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March Cartoon: When to Call Pest Control
Cartoon of pied piper calling a horde of mice, rats, and cockroaches out of a fast food restaurant

Pest prevention is a year-round challenge – different weather simply brings out different pests.

To keep pests out of your food establishment and outside where they belong, set up an Integrated Pest Management (IPM) program. When planning your program, follow these four steps:

  1. Proactively prevent pests. It's always better to prevent pests altogether than to try and get rid of them after they've moved in. Prevention doesn't have to be complicated. Check out our article, "3 Steps to Preventing Pests in Your Facility," for some simple ideas you can start implementing today.
  2. Watch for signs of pests. Regularly monitor your establishment, especially food storage areas and trash receptacles, for signs of pests. Teach your employees what signs to look for, too. Our "Pest Prevention" article provides more information about three common pests (cockroaches, flies, and rodents) and indicators of an infestation. Knowing what kind of pest is trying to get in is the first step to getting it out.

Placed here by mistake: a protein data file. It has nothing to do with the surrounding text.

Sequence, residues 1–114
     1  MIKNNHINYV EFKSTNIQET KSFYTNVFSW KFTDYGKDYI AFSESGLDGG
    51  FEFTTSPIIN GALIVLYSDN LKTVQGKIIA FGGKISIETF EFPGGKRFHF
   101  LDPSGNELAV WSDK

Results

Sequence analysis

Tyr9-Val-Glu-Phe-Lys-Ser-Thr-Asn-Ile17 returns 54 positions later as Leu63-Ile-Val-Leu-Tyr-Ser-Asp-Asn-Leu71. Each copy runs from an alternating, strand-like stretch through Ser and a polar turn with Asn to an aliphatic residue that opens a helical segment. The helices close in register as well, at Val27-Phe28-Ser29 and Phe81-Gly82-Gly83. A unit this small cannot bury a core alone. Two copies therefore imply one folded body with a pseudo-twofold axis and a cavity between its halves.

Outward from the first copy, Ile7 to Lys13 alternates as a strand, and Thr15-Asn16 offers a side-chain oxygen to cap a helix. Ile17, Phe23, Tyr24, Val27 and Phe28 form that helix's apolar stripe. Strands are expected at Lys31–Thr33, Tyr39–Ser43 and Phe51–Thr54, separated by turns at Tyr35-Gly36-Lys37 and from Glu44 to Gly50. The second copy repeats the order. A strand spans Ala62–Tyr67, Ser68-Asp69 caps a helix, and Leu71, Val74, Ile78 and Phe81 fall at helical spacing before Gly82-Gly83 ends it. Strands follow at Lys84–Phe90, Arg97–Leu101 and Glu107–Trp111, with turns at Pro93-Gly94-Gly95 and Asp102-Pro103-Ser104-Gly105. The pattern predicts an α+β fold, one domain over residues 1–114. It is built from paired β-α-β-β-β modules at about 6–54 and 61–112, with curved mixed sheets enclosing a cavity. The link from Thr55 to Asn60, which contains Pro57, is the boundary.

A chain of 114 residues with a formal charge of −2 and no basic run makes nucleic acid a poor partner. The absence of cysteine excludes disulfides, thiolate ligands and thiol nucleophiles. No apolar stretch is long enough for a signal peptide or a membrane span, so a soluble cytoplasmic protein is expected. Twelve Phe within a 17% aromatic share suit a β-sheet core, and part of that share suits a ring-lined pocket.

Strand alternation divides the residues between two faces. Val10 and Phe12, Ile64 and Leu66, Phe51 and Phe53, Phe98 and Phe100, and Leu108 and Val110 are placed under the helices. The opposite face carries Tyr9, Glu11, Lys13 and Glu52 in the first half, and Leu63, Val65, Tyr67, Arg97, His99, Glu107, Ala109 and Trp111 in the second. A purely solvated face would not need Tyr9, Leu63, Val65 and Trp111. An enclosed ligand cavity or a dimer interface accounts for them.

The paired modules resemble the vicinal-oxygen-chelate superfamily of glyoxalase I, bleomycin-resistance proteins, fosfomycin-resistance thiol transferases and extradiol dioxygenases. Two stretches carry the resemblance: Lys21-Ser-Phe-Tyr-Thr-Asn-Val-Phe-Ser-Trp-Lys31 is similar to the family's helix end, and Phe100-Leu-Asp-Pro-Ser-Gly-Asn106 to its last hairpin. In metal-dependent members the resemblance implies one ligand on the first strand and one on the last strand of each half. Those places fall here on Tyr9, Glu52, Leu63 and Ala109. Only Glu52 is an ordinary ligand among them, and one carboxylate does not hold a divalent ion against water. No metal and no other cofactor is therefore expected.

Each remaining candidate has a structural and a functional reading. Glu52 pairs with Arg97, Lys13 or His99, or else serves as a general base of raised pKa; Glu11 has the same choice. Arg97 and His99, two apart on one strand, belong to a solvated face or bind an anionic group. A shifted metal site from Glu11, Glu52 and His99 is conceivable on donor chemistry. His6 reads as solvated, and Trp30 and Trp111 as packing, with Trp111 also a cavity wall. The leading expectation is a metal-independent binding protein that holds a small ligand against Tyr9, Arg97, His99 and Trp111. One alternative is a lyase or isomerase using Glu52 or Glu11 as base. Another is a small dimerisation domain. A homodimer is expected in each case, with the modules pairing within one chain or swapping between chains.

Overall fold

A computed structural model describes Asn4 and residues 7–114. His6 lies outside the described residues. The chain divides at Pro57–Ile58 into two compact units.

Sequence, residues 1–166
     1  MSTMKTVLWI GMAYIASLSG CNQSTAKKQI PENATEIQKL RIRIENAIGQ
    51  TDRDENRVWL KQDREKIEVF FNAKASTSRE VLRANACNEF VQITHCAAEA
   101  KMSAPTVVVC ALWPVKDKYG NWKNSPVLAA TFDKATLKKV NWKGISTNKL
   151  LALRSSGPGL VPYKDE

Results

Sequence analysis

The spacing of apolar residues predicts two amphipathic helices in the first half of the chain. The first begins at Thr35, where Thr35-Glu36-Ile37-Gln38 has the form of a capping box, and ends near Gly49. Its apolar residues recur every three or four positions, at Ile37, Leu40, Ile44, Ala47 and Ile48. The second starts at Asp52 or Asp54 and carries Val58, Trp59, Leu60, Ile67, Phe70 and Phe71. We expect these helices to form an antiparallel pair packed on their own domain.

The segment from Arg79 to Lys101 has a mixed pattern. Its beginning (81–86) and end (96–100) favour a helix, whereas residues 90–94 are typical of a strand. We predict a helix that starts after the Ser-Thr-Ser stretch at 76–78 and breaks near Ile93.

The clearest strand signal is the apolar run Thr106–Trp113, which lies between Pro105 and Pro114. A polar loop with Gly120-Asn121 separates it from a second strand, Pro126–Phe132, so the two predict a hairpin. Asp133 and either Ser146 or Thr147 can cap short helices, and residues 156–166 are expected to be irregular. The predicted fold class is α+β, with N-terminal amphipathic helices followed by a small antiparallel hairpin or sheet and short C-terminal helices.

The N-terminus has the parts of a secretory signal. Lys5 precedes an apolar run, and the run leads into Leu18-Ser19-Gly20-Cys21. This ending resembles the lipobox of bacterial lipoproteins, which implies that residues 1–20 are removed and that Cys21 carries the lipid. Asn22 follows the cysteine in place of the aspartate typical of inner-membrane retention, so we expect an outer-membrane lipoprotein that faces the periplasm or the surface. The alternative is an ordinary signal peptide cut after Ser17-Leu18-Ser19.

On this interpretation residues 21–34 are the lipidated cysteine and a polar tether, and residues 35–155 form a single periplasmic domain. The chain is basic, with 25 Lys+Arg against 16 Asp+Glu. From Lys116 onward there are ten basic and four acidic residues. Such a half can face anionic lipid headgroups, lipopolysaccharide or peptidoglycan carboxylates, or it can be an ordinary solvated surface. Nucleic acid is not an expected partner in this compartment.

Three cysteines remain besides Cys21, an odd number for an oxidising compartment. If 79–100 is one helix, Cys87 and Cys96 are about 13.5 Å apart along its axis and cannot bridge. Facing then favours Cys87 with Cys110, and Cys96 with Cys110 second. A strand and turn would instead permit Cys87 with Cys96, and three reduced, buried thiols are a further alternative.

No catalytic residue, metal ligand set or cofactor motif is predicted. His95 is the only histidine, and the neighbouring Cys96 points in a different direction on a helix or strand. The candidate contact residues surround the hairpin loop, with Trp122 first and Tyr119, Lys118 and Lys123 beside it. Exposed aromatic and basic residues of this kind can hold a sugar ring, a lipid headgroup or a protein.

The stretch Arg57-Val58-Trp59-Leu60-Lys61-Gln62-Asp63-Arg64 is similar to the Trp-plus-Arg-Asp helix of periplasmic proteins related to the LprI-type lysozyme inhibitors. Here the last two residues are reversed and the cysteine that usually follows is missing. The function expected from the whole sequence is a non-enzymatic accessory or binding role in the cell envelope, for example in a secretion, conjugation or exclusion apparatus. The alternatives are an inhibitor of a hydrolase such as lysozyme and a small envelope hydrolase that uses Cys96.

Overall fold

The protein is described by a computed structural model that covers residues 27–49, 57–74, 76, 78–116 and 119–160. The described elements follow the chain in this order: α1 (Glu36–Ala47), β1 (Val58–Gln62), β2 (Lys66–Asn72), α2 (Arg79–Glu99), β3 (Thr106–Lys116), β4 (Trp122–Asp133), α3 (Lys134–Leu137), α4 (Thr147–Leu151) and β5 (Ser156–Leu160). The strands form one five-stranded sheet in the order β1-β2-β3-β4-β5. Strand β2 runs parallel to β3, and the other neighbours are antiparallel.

3. Establish action thresholds. Action thresholds are to IPM what critical control points are to HACCP. Seeing one fly in your facility one time doesn't necessarily mean you need to call pest control. Decide ahead of time when you will bring in the experts.
  4. Call a licensed pest control operator (PCO). If you notice an ongoing problem or see a lot of evidence of pests at one time, it's time to call for help. Work with a licensed pest control operator to get rid of pests safely. Licensed PCOs are certified to use pesticide in your establishment if necessary. They can also advise you on non-chemical solutions like traps.

Your most important job in managing pests is to keep food safe. If a pest control operator determines that using chemicals is necessary, do your part to protect food from chemical hazards. As much as possible, remove food and food-contact surfaces such as cutting boards and utensils from the area. Put waterproof covers on food-contact surfaces and equipment that can't be moved. After the treatment, clean and sanitize your equipment.

For more information about managing pests, see our food manager training course.

– Jessica Pettit

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